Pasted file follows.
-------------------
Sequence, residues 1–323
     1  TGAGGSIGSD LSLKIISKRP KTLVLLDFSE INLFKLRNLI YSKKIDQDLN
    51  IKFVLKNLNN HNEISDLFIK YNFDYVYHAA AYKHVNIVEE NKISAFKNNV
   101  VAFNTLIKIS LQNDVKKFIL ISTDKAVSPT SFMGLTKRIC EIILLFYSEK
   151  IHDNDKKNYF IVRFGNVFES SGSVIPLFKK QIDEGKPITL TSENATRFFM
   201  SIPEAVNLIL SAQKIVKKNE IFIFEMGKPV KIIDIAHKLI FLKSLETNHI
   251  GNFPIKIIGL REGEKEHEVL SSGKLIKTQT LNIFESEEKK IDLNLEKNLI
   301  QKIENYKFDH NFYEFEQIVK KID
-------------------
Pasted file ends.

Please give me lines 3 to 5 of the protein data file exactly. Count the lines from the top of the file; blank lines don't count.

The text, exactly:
    51  IKFVLKNLNN HNEISDLFIK YNFDYVYHAA AYKHVNIVEE NKISAFKNNV
   101  VAFNTLIKIS LQNDVKKFIL ISTDKAVSPT SFMGLTKRIC EIILLFYSEK
   151  IHDNDKKNYF IVRFGNVFES SGSVIPLFKK QIDEGKPITL TSENATRFFM